– The number of employers who “play” will continue to decline after 2014, once the exchanges are stable, and simply as a continuation of a trend to fewer employers offering coveage, a trend that started before health reform, and
    – There will be lots of new burdens on the plans in terms of new taxes and cost shifting – as more and more Americans are enrolled in plans that do not cover the cost of services.

    While a $2,500/$5,000 deductible is a significant amount, your son might also want to attempt to consider two other issues:
    • First, he may want to consider the breakeven point – where the HSAs becomes more expensive than the POS, and
    • Second, he may want to reconsider the limited time frame of his analysis.
    That is, the HSAs represents a multi-year alternative. Another way of saying this is that I have always encouraged my children to take advantage of the HDHP/HSA concept while they are young and healthy, to accumulate assets for the future. That is, when my employer first offered a HDHP/HSA, I enrolled when first eligible. I compared the two options I had at the time, and determined the increased risk of the HDHP was, based on past expense patterns, likely to have less cost. Then, I went back 30 years (I was 55 at the time) with a strawman comparison of the two options – what I had actually done, and what I would have done had the HDHP/HSA been available for the prior 30 years. I later updated the analysis for the 2007 changes which delinked the deductible and the HSA funding. Not only would I have spent less, much less in the HDHP/HSA, I would have accumulated more than enough money to fund my projected retiree medical out of pocket spend (as I have continued to participate in the HDHP/HSA my former employer offers in retirement).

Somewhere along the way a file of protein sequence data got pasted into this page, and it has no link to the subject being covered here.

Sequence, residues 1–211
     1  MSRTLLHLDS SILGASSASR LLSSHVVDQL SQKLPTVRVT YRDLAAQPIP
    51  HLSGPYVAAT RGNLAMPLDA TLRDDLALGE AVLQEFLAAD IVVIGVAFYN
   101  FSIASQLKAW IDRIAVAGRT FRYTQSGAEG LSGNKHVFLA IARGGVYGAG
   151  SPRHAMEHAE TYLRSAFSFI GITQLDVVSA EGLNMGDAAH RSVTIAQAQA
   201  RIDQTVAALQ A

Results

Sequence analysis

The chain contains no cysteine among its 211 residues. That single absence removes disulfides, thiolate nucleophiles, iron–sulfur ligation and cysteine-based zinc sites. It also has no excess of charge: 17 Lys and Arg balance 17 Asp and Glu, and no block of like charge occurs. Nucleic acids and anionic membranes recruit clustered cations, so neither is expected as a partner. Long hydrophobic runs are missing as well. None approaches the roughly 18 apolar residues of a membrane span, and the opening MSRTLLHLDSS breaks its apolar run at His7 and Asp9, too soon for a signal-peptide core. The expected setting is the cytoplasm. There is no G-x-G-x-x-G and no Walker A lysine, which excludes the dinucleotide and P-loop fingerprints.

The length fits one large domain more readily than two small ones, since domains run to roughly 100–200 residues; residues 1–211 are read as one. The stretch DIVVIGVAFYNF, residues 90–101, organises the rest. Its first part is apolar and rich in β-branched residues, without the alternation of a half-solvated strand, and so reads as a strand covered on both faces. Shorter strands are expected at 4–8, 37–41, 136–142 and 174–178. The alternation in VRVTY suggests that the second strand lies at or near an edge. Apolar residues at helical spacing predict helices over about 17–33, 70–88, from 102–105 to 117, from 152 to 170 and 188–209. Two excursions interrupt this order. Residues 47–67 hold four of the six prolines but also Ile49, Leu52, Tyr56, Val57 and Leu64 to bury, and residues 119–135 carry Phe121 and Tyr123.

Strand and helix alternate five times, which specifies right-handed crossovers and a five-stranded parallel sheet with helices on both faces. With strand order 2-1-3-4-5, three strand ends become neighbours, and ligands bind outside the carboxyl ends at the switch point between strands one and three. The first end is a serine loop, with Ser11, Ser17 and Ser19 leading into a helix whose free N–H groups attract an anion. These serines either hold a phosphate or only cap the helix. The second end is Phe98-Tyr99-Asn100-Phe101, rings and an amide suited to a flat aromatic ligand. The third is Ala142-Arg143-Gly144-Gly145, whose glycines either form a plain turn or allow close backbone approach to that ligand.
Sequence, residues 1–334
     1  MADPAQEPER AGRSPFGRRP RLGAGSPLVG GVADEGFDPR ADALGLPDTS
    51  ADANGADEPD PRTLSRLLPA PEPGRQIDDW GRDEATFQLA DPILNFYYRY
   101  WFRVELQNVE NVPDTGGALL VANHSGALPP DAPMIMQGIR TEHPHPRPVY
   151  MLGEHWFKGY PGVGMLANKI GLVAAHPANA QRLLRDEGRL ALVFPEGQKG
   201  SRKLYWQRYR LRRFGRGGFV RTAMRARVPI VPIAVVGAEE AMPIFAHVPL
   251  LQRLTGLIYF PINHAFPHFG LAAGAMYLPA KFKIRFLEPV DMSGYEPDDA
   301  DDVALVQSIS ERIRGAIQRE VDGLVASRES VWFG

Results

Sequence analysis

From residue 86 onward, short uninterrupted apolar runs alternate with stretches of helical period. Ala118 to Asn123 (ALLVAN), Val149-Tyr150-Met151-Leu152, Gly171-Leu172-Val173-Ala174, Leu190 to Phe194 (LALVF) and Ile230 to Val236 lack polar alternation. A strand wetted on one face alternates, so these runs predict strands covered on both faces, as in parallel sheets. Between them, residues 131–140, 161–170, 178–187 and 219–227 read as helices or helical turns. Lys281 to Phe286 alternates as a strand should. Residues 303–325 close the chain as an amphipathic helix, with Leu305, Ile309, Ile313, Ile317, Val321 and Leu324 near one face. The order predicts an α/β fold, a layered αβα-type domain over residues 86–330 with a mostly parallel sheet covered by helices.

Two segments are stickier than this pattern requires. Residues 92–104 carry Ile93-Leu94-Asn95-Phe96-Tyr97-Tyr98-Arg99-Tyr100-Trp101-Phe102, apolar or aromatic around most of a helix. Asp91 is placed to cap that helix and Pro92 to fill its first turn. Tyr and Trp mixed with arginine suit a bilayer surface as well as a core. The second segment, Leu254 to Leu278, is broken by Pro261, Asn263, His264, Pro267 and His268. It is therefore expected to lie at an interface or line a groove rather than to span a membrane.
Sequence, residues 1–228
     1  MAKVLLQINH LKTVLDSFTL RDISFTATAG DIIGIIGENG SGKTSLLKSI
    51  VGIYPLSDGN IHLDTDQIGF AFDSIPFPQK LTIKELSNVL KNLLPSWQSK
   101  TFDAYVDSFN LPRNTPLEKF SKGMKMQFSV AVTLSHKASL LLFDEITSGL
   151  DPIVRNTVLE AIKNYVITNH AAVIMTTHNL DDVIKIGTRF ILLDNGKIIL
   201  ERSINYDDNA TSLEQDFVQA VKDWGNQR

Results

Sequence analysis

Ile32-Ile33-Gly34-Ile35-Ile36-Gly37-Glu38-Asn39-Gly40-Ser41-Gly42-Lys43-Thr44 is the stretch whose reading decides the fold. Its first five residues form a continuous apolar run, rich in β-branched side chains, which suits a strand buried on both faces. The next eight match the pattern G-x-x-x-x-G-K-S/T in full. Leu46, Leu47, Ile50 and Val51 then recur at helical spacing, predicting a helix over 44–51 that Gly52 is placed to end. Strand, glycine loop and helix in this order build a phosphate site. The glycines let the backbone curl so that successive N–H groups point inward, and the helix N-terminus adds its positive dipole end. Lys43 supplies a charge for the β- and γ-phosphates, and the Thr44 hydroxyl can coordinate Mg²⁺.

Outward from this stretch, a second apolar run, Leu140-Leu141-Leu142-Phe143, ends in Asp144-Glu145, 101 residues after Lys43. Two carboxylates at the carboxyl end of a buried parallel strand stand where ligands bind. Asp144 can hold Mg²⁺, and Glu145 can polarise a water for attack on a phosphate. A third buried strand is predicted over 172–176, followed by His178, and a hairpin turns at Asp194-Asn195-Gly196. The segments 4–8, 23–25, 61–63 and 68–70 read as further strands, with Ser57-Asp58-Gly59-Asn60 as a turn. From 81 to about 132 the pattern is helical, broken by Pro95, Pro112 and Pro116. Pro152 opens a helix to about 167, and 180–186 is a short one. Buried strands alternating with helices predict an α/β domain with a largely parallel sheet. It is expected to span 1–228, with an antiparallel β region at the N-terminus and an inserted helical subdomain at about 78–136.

My observation in 2004, when we first reviewed and then implemented the HDHP/HSA (after the Medicare Modernization Act of 2003) was that, “25 years ago, no one had ever heard of 401(k), 25 years from now, everyone will have a HSA. That is, like most workers, given a choice, the better choice may well be higher point of purchase cost sharing.
    But, the real issue here is the “elephant in the room” – that health reform never addressed the cost of coverage challenge. Even today, on healthcare.gov, the federal government asserts that the average family, even outside of the taxpayer-subsidized exchanges, will save over $2,300 in costs in 2014. Obviously, this excludes the new costs taxpayers (current or future) will shoulder to fund the expanded Medicaid and state-based exchange coverage – plans they themselves will not be eligible to use/receive where their employer continues to offer coverage.
    My expectation is that after all the “cost shifting” you criticize, employers will likely still end up paying more, much more, in 2014 or 2015 than they did in 2013.